The “Black Lives Matter” movement is partnered with the nonprofit group, Thousand Currents. This is important because the Vice-Chair of the Thousand Currents nonprofit is Susan Rosenberg, a convicted terrorist. Susan Rosenberg also sits on the board for the fundraising arm of Black Lives Matter. She was convicted for the 1983 bombing of the United States Capitol Building, the U.S. Naval War College and the New York Patrolmen’s Benevolent Association.
She was released from prison after serving 16 years of her 58-year prison sentence when Bill Clinton commuted her sentence on his last day in office.
Federal investigators raided a Cherry Hill, New Jersey, storage unit where Rosenberg’s “combat materials” were held.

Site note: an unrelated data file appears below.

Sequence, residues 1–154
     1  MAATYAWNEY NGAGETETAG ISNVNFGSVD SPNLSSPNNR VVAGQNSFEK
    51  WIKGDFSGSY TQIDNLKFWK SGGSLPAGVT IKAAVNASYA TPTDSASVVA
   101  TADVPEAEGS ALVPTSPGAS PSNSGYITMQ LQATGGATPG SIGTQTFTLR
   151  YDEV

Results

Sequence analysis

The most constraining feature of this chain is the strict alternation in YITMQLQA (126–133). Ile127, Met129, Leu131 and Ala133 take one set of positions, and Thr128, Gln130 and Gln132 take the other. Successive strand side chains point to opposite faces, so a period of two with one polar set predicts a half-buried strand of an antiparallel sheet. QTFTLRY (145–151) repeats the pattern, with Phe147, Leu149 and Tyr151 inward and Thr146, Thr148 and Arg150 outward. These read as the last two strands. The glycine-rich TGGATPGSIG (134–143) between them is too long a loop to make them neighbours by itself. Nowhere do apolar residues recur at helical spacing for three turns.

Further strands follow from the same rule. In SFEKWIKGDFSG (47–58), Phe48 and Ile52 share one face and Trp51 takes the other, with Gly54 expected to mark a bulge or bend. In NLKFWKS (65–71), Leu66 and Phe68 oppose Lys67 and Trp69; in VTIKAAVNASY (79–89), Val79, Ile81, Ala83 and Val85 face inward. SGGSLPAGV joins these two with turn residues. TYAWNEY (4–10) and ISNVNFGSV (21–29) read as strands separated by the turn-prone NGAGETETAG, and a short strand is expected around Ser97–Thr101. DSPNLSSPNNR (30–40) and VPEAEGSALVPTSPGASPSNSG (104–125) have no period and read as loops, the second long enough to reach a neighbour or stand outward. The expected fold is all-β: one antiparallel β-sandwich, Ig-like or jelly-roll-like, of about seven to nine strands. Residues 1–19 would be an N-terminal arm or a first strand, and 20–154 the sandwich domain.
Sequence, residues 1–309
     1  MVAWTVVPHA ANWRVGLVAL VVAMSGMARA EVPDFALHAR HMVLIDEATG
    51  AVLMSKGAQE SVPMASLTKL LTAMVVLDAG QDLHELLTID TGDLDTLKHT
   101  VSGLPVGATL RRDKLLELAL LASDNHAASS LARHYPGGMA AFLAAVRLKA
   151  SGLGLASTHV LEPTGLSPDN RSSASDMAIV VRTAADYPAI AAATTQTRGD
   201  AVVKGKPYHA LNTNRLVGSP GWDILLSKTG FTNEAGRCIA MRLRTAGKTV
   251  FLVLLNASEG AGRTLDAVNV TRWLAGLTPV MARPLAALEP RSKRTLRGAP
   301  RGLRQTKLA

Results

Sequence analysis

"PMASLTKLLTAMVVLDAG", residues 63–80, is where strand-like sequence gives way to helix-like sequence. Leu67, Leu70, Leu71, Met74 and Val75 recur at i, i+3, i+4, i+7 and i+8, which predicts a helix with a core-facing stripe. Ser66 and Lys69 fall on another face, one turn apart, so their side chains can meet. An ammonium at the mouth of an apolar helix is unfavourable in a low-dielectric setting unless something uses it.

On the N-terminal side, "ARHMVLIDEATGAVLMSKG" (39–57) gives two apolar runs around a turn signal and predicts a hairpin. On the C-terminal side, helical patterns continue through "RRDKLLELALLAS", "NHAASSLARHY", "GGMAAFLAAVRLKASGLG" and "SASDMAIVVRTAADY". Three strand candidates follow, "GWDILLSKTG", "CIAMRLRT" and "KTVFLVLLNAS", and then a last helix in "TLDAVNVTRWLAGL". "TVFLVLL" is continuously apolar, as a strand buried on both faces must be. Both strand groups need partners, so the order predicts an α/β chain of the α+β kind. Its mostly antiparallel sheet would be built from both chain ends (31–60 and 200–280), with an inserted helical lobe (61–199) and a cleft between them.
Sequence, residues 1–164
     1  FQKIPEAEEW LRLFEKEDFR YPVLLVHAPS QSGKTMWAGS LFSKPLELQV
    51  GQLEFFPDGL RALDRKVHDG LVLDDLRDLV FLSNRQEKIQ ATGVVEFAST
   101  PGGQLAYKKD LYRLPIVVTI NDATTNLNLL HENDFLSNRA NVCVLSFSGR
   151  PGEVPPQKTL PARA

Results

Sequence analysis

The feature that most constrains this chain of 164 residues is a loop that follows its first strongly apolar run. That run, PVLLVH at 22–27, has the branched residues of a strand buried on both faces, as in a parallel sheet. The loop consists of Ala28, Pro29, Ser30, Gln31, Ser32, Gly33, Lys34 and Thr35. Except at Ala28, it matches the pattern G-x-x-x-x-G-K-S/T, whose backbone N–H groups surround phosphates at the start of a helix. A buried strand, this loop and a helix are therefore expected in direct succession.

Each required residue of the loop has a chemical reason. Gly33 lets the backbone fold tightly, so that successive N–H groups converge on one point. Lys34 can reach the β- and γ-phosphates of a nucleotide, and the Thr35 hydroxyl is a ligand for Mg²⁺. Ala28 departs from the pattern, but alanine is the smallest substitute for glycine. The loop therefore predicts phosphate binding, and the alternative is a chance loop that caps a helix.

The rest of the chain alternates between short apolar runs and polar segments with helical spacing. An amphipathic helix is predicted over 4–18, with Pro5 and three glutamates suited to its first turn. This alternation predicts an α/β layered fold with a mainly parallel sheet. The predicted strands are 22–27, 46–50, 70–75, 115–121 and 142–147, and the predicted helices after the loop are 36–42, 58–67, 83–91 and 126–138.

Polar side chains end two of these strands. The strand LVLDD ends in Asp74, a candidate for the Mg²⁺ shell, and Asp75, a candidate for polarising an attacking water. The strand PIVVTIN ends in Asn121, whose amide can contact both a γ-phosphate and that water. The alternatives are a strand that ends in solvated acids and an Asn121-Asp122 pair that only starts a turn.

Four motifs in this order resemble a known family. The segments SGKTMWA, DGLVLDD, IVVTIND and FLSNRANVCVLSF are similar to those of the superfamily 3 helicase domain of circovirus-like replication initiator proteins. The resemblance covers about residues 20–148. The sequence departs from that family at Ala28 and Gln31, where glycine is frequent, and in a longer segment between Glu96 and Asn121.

Rosenberg and an accomplice, Tim Blunk, were hauled off to the local police station as the feds delicately dismantled their arsenal and ferried it in small batches across the Delaware River to a bomb-disposal unit in Philadelphia.
The raid marked the beginning of the end of the May 19th Communist Organization, the nation’s only woman-run terror group, William Rosenau recounts in “Tonight We Bombed the U.S. Capitol” (Atria).
M19’s core of five women and two men fought against the Ronald Reagan campaign with a series of seven explosions that they intended to be “percussive wake-up calls” for the nation.
On Nov. 7, 1983, M19 members stashed a Puma-branded duffel bag under a bench just outside the Senate chamber. The blast created a 15-foot crater in a brick wall of the Senate, shattered chandeliers and shredded a portrait of 19th-century Sen. John C. Calhoun.